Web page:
- Plug the charger and the AC outlet on the wall
- Secure everything and plug in the main AC pump
Your installation is complete, so you are good to go with your sump pump. However, instead of buying a completely new unit, if you prefer buying a battery as a new power source for your sump pump, you must continue reading further.
How to Install Battery Backup to Existing Sump Pump
Things to Purchase
- A battery
- Protective case for the battery
- Battery acid pack
- An AC/DC interface
- A red and a black cable
Step by Step Installation
- Turn off the power sources and position the battery near your sump pit
- Connect the battery cables with the interface (The power button must be OFF)
- Link the pump with interface AC supply and then plug in the interface with an AC supply
- Attach the red cable to the positive terminal of the battery and black wire to the negative terminal
- Now, unplug the primary AC connection and check whether the sump pump works or not. So, if it works, that means you have successfully added battery backup to your existing sump pump.
How to Test Battery Backup Sump Pump
Testing the pump is pretty straightforward. It would be best if you took these measurements beforehand because a little negligence might cause floods all over the house. So, let us check this out.
- Make sure that you have plugged in your backup pump and charged it well
- Unplug the primary sump pump
- If there is no water, fill the pit and let the backup pump discharge water (For better inspection check after 30 minutes)
- Test the float switch by pulling it up and down. If the pump kicks out the water while you pull the switch up, then your battery backup pump is doing great
So, if your pump is unable to discharge water without the connection of the primary sump pump, you might assume there is a problem.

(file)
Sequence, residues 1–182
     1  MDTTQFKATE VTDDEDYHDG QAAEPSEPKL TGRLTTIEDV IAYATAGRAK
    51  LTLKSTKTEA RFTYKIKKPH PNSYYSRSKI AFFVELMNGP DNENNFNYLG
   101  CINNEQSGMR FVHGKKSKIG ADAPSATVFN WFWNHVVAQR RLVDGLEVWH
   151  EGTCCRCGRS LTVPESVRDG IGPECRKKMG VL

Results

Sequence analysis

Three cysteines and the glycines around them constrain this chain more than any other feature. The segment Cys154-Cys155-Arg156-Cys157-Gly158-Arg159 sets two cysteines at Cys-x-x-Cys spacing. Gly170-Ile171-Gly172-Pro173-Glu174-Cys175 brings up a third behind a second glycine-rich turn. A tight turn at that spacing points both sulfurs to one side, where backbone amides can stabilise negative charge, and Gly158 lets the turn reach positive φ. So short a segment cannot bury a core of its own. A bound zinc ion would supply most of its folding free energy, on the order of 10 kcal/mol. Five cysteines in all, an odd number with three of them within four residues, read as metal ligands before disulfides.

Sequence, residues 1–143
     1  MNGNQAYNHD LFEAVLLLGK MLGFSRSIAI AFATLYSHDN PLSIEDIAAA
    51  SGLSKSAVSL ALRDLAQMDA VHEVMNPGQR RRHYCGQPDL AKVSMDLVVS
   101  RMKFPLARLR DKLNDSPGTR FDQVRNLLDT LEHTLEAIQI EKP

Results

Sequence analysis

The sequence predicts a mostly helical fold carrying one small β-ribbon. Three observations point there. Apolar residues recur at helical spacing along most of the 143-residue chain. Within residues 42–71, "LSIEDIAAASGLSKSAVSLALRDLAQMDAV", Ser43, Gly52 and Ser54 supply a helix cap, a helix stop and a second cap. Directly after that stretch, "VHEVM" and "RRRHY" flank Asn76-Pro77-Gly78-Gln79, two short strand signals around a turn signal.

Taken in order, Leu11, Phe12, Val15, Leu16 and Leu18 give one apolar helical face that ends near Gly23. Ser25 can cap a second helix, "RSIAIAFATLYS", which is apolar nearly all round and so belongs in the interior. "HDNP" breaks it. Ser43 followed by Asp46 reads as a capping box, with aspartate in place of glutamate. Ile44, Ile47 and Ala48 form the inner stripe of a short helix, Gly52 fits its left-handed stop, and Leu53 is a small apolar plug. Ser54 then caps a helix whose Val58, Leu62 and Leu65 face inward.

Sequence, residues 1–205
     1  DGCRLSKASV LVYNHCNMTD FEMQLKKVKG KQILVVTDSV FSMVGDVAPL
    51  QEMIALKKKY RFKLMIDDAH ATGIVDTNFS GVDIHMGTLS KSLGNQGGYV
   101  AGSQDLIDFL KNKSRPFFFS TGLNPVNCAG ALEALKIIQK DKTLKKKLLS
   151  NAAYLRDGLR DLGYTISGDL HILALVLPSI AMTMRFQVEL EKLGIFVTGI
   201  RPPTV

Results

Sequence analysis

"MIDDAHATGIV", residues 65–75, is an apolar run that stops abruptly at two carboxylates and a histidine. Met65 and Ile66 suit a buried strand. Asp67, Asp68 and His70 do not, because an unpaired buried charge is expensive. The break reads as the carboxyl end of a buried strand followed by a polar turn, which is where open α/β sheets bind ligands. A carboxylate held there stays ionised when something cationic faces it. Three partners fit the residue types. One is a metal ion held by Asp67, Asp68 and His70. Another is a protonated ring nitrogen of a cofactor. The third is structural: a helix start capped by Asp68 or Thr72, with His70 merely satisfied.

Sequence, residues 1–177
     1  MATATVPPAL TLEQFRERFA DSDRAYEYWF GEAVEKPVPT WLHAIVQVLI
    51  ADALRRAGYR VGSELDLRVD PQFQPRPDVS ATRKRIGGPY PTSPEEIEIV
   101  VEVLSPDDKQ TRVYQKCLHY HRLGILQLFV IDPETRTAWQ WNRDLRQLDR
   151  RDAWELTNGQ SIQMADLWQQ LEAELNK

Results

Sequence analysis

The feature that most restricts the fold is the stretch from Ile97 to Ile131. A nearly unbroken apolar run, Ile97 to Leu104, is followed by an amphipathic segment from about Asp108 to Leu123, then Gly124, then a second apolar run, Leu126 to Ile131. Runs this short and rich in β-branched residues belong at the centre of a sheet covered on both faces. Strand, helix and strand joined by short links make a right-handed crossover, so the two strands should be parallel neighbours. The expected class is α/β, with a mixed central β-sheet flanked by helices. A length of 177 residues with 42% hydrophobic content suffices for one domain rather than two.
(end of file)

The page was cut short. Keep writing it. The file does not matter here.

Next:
- You should confirm a good location for installing the battery backup because you have to set the backup pump alongside the primary one. So, you won’t be able to mount everything properly if there is not enough space
- Make sure that you have kept all electrical connections OFF because it might cause an accident
- Do not attach all the pipes without testing because it would be difficult to separate once you glued them
- Keep all the tools in your inventory before starting the installation
Battery-operated sump pumps are quite efficient, especially when there is an electrical outage at your home. Batteries naturally store electricity, so it makes sure that the pump does not die during a power outage. Furthermore, it is effortless to install, so following a few simple steps, you can do it yourself. Once you’ve got it ready, you won’t have to worry about any floods even when the municipal electricity fails you.
Hopefully, our piece on how to install a battery backup sump pump was able to answer all your queries. You can check our guide on the installation & replacement cost of battery backup pumps. So, instead of sitting around for expert help, keep the instructions handy, and get to work!